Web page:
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Unix Shell Scripts   «Prev  Next»
Lesson 10

Writing your Shell Script Conclusion

This module provided all the information you need to create and execute a shell script file, including how to designate a text file as a shell script and set the file permissions so that UNIX will execute the file’s contents.
You also learned how to start a shell script from a command line. You reviewed using the vi text editor to create a file.

What is a Script?

In the simplest case, a script is nothing more than a list of system commands stored in a file. At the very least, this saves the effort of retyping that particular sequence of commands each time it is invoked.
Example 4-10.1: cleanup: A script to clean up log files in /var/log
# Cleanup
# Run as root, of course.
cd /var/log
cat /dev/null > messages
cat /dev/null > wtmp
echo "Log files cleaned up."
There is nothing unusual here, only

There is nothing unusual here, only a set of commands that could just as easily have been invoked one by one from the command-line on the console or in a terminal window. The advantages of placing the commands in a script go far beyond not having to retype them time and again. The script becomes a program -- a tool -- and it can easily be modified or customized for a particular application
Example 4-10.2: cleanup: An improved clean-up script
#!/bin/bash
# Proper header for a Bash script.
# Cleanup, version 2
# Run as root, of course.
# Insert code here to print error message and exit if not root.
LOG_DIR=/var/log
# Variables are better than hard-coded values.
cd $LOG_DIR
cat /dev/null > messages
cat /dev/null > wtmp
echo "Logs cleaned up."
exit # The right and proper method of "exiting" from a script.
# A bare "exit" (no parameter) returns the exit status
#+ of the preceding command.
Example 4-10.3: cleanup: An enhanced and generalized version of above scripts.
#!/bin/bash
# Cleanup, version 3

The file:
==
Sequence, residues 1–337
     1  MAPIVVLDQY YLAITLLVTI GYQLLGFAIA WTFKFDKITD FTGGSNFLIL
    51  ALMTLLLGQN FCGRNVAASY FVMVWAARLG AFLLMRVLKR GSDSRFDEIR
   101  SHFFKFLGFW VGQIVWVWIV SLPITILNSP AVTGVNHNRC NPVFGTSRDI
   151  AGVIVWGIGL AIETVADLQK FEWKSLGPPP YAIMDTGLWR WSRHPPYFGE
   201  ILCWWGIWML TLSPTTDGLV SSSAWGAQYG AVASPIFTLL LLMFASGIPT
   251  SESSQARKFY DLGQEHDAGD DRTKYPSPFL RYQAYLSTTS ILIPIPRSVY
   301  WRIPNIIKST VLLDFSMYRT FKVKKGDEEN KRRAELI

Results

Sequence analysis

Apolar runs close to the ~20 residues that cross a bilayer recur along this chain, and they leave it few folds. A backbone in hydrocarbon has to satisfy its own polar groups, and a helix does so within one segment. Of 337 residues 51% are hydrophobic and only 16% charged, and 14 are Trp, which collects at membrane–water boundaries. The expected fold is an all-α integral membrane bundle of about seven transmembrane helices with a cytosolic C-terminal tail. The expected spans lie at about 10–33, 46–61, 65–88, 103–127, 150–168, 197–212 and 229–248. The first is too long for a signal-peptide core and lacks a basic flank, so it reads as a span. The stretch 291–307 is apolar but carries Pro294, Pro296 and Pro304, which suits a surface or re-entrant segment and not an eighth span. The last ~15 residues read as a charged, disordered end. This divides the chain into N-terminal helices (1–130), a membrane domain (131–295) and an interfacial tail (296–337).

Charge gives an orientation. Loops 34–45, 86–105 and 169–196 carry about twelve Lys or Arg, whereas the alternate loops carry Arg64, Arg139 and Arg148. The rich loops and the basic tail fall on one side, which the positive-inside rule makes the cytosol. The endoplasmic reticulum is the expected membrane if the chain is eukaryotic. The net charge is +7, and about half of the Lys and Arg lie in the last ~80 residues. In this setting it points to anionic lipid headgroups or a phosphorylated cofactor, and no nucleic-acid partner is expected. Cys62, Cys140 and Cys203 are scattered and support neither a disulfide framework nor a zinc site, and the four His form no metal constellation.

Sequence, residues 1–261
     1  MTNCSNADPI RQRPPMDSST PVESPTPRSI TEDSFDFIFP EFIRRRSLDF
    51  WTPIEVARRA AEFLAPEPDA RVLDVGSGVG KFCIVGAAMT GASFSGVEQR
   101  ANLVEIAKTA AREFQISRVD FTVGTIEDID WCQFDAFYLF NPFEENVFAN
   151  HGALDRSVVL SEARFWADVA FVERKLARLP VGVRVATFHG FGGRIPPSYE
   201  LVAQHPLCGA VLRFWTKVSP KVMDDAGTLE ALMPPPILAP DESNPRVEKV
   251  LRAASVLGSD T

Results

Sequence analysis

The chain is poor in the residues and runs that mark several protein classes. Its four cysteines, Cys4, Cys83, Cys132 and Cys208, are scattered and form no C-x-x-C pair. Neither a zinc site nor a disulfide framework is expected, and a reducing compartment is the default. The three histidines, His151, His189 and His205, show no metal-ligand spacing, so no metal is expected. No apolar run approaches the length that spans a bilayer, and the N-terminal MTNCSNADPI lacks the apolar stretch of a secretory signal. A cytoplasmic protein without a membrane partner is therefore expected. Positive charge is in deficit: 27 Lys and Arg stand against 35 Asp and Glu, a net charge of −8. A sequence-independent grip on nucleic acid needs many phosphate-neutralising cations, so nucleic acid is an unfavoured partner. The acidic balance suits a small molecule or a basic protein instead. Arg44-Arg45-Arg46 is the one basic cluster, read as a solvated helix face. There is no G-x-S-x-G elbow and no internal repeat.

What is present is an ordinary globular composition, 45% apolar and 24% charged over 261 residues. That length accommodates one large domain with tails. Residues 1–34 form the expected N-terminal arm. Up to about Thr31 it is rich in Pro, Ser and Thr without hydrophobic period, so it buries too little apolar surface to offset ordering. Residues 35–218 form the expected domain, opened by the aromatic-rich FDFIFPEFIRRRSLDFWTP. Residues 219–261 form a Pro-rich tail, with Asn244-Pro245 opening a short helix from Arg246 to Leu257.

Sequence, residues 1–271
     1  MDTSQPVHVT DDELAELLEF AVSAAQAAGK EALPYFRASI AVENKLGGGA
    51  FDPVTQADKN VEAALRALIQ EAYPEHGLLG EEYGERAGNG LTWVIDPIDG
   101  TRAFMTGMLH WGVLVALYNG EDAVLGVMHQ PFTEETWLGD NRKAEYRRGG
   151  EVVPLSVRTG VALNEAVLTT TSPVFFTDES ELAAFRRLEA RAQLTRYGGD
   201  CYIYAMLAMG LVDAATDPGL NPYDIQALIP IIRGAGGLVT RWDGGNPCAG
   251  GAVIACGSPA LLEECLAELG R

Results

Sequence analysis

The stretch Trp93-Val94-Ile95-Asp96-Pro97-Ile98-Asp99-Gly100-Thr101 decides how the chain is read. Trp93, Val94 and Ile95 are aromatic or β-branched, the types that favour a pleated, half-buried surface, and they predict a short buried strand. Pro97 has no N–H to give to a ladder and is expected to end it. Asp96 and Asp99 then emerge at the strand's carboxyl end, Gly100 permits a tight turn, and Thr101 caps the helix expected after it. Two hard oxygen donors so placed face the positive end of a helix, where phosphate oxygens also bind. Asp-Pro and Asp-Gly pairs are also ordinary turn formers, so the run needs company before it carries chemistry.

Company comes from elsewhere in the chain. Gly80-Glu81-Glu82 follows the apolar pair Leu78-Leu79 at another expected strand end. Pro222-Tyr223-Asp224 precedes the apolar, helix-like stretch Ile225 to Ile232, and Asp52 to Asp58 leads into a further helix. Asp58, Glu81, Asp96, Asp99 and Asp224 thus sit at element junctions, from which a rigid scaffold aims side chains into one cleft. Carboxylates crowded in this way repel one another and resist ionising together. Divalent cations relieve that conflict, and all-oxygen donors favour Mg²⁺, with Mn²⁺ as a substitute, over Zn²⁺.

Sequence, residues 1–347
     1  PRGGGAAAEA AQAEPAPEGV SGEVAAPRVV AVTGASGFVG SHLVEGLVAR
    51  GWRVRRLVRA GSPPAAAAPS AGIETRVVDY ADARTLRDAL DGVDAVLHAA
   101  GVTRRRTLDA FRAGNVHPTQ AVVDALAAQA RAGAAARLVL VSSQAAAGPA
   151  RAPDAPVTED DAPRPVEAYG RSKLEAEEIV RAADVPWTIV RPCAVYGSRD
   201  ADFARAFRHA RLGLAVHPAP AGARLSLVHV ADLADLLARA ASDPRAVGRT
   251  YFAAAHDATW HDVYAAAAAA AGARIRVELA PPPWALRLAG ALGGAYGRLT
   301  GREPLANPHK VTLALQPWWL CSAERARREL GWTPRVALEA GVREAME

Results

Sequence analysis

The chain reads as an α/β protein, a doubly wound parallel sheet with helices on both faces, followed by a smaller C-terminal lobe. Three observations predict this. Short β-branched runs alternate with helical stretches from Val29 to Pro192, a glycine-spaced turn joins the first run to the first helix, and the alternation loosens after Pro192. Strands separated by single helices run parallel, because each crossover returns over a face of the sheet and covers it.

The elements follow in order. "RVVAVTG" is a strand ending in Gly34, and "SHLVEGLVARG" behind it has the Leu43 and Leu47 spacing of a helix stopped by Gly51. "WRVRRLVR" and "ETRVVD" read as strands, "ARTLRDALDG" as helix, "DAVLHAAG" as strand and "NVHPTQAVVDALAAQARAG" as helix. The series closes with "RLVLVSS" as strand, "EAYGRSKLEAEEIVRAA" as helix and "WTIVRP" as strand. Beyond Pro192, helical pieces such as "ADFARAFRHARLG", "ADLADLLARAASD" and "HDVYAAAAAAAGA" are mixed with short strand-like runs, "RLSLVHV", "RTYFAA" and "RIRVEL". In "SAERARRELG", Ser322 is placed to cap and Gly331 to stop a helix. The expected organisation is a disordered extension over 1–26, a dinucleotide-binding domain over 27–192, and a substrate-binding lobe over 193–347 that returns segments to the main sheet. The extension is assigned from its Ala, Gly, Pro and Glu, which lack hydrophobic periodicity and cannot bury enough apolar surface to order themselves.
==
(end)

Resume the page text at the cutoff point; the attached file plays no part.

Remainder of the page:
LOG_DIR=/var/log
ROOT_UID=0 # Only users with $UID 0 have root privileges.
LINES=50 # Default number of lines saved.
E_XCD=86 # Can't change directory?
E_NOTROOT=87 # Non-root exit error.
# Run as root, of course.
if [ "$UID" -ne "$ROOT_UID" ]
then
echo "Must be root to run this script."
exit $E_NOTROOT
fi
if [ -n "$1" ]
# Test whether command-line argument is present (non-empty).
then
lines=$1
else
lines=$LINES # Default, if not specified on command-line.
fi
# E_WRONGARGS=85 # Non-numerical argument (bad argument format).
#
# case "$1" in
# "" ) lines=50;;
# *[!0-9]*) echo "Usage: `basename $0` lines-to-cleanup";
# exit $E_WRONGARGS;;
# * ) lines=$1;;
# esac
#
#* Skip ahead to "Loops" chapter to decipher all this.
# -----
cd $LOG_DIR
if [ `pwd` != "$LOG_DIR" ] # or if [ "$PWD" != "$LOG_DIR" ]
# Not in /var/log?
then
echo "Can't change to $LOG_DIR."
exit $E_XCD
fi # Doublecheck if in right directory before messing with log file.

Commands and shell script components

Commands that you used in this module include:
  1. echo, to print information on the screen (or Standard Output channel)
  2. read, to collect user input from the keyboard (or Standard Input channel)
  3. chmod, to change the file permissions so that a shell script file can be executed
  4. #! to indicate the path to the shell used to run the script
  5. # to indicate a comment within a shell script
In the next module you will learn about using different types of variables within your shell scripts.